New York: The Modern Library, 1963. Reprint. Hard Cover. Near Fine / Very Good. Item #2324798
1963 printing, Toledano 109.2, binding/jacket style 9j with 415 titles on verso, $2.45 jacket price, grey Rockwell Kent endpapers. Jacket edges lightly rubbed, 1/16 inch green ink mark on half-title page.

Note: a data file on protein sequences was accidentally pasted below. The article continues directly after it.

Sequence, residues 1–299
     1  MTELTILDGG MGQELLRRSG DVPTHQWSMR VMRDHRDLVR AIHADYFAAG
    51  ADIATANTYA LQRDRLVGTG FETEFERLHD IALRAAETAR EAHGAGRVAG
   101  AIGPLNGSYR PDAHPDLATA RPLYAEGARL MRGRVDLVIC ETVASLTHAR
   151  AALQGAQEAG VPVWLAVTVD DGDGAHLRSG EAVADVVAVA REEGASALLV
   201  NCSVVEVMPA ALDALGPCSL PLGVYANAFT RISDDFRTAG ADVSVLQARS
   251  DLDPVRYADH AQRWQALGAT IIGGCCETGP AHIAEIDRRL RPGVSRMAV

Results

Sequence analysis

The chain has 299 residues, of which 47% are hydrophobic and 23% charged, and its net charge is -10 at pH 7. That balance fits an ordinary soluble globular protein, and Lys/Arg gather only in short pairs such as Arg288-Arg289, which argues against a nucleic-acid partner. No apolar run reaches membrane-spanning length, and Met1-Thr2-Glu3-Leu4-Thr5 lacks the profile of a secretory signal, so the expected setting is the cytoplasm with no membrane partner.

278 pp. Translated from the French by Stuart Gilbert. The Plague (French: La Peste) is a novel by Albert Camus. Published in 1947, it tells the story from the point of view of a narrator of a plague sweeping the French Algerian city of Oran. The narrator remains unknown until the start of the last chapter, chapter 5 of part 5. The novel presents a snapshot of life in Oran as seen through the author's distinctive absurdist point of view. Camus used as source material the cholera epidemic that killed a large proportion of Oran's population in 1849, but situated the novel in the 1940s. Oran and its surroundings were struck by disease several times before Camus published his novel. According to an academic study, Oran was decimated by the bubonic plague in 1556 and 1678, but all later outbreaks (in 1921: 185 cases; 1931: 76 cases; and 1944: 95 cases) were very far from the scale of the epidemic described in the novel. The Plague is considered an existentialist classic despite Camus' objection to the label. The novel stresses the powerlessness of the individual characters to affect their destinies. The narrative tone is similar to Kafka's, especially in The Trial, whose individual sentences potentially have multiple meanings; the material often pointedly resonating as stark allegory of phenomenal consciousness and the human condition.